Gonna start this one with a bit of a tangent. The original rough draft of this post was 2563 words. See, previously I was devoting at least a paragraph to each episode, going over everything in detail. But that’s longer than your average high school essay (hell, upwards of double the length) and that’s just unfeasible. It absolutely makes sense to cut everything down, summarizing the season in a paragraph or two, and then going over things I liked or didn’t like. But on the other hand, I’m throwing away thousands of words I wrote, which is one hell of an edit. It’s all for the greater good, I know, but don’t be surprised if at some point in the future I post an actual essay about… something.
Enough whining! On with season 4!
Glimmer is now queen of Bright Moon and that role sees her not in the field as much. A rift develops between her and Adora, exacerbated by Double Trouble, a shapeshifter hired by Catra to infiltrate the Resistance and cause mischief. Missions fail left and right and tensions rise. By the time Double Trouble is caught, Mermisa’s kingdom is taken by the Horde. We also find out that the weapon spoken of by Mara is the Heart of Etheria, a superweapon in the core of the planet that could destroy galaxies. Glimmer wants to activate it to destroy the Horde, but Bow and Glimmer disagree. While the dissenting duo go rescue Entrapa–and discover Glimmer’s dad is alive as a bonus–Glimmer has Scorpia attune with her family’s runestone, which was the missing piece to activate the Heart. She-Ra resists her built in programming, channeling the energy generated by the Heart into returning Etheria to the universe, and destroys the Sword of Protection in the process. Hordak, Glimmer, and Catra are captured by Horde Prime, the former being mindwiped and the girls being taken as prisoners.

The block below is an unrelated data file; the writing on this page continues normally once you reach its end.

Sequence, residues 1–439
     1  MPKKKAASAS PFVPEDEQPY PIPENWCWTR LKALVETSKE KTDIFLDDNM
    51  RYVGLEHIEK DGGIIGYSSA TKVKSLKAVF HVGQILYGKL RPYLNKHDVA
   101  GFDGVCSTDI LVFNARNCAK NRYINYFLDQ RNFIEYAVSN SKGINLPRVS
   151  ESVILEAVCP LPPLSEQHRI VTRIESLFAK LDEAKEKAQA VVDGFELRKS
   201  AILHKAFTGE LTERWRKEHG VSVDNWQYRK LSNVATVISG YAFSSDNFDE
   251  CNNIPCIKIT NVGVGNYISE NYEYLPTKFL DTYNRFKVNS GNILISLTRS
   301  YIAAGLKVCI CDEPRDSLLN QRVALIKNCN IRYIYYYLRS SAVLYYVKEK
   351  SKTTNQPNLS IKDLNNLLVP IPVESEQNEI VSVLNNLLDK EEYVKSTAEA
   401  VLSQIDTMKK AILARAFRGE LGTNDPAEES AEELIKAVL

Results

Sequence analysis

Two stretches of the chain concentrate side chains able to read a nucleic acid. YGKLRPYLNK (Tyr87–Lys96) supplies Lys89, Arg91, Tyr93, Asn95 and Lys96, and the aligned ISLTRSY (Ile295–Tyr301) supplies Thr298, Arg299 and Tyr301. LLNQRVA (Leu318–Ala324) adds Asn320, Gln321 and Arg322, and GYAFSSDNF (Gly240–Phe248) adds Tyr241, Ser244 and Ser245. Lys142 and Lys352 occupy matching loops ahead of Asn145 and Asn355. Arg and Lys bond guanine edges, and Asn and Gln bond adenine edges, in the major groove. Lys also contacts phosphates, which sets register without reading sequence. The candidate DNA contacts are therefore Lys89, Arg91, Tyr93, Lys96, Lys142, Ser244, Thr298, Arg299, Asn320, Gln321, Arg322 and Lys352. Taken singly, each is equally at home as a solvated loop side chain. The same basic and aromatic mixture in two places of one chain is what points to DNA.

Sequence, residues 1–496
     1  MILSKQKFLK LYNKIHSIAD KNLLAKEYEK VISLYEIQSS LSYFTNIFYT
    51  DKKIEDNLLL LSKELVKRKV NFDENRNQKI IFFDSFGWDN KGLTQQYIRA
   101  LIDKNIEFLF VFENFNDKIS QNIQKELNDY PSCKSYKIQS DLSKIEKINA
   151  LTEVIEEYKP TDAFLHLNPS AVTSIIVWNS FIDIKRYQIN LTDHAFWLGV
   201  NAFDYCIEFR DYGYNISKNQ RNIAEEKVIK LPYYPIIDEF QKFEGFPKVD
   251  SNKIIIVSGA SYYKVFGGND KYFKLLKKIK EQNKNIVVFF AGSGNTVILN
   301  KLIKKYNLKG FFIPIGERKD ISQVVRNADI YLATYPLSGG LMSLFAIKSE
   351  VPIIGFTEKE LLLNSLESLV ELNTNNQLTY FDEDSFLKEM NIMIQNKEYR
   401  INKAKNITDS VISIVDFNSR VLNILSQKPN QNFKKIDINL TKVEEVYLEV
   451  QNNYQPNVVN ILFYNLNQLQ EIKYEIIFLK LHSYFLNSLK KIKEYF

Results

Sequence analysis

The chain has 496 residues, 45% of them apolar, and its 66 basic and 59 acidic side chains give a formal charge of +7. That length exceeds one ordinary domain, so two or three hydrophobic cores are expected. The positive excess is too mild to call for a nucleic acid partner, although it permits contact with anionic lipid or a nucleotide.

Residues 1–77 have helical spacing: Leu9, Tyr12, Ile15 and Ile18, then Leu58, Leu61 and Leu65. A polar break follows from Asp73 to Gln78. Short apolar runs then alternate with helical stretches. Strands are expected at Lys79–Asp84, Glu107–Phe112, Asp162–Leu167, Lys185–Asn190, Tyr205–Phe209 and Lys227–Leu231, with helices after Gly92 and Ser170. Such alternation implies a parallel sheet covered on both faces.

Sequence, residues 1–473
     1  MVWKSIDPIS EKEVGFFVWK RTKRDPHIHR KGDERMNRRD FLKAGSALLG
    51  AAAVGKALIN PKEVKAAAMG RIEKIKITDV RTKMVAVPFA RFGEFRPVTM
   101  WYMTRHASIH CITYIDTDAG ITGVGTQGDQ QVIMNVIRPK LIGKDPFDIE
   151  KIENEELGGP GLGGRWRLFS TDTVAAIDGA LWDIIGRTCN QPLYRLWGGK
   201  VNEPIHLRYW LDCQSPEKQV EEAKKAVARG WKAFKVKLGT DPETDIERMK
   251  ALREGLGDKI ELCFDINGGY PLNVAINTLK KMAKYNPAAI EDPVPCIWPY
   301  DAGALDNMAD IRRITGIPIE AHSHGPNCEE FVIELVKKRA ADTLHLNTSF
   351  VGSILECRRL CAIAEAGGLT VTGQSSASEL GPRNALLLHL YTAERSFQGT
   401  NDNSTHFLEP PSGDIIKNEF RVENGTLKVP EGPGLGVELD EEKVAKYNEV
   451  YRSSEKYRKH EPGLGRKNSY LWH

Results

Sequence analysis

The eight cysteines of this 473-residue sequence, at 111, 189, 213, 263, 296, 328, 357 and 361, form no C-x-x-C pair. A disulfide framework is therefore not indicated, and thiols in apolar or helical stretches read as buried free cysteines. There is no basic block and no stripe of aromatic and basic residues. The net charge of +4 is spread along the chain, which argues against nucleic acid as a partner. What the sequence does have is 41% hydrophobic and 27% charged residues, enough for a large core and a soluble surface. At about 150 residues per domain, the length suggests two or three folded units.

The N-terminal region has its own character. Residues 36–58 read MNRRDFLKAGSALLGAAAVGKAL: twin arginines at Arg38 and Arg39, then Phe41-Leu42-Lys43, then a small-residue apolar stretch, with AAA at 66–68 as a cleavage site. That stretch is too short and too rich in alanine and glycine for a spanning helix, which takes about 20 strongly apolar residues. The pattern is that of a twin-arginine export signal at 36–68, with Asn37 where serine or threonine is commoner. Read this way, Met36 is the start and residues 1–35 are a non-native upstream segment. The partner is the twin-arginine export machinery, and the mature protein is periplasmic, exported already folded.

I’ve mentioned them, but Double Trouble is my favorite character of season 4, hands down. Voiced by a genderqueer activist and referred to by “them/them,” DT is a sort of sassy gay friend to Catra. Just a friend that you pay for their services, and betrays you in the end because your side is losing. Double Trouble lays out every single one of Catra’s personality flaws, completing her descent to rock bottom. In the end it’s for the best, but at the time it’s one of the most brutal takedowns Catra has ever faced. But, to be real, she has been a shitty person, so it’s not entirely undeserved.
The other characters also go through a tough time this season (though generally not as tough as Catra). Glimmer’s mom, Queen Angella, sacrificed herself to save everyone and it was only a matter of time before Glimmer blamed Adora (which, in a very roundabout way, isn’t entirely wrong?). She takes the losses of the Resistance personally, eventually opting to use a superweapon that backfires horribly and ushers in everything in season 5. Adora finds out that She-Ra’s true purpose was to be a weapon of the First Ones, which shakes her. And she destroys the Sword, which means the end of She-Ra, right? Over with the Horde, Scorpia finally realizes that Catra is a bad friend, even directly saying it in a heartbreaking moment. And Hordak gets fed up with Catra’s lying, but gets mindwiped by Horde Prime before he can kill her. This is the Star Wars V: Empire Strikes Back downer ending of the series.
The season did that thing that comic books love to do, where the new villain kills off one of the old villains. Sure, Hordak isn’t actually dead, but being taken out by Horde Prime so easily sets up the villain of the final season as someone not to take lightly. But is he a better villain than Hordak?
Yes. He absolutely is. See you next time for the final season!
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Next: Season 5
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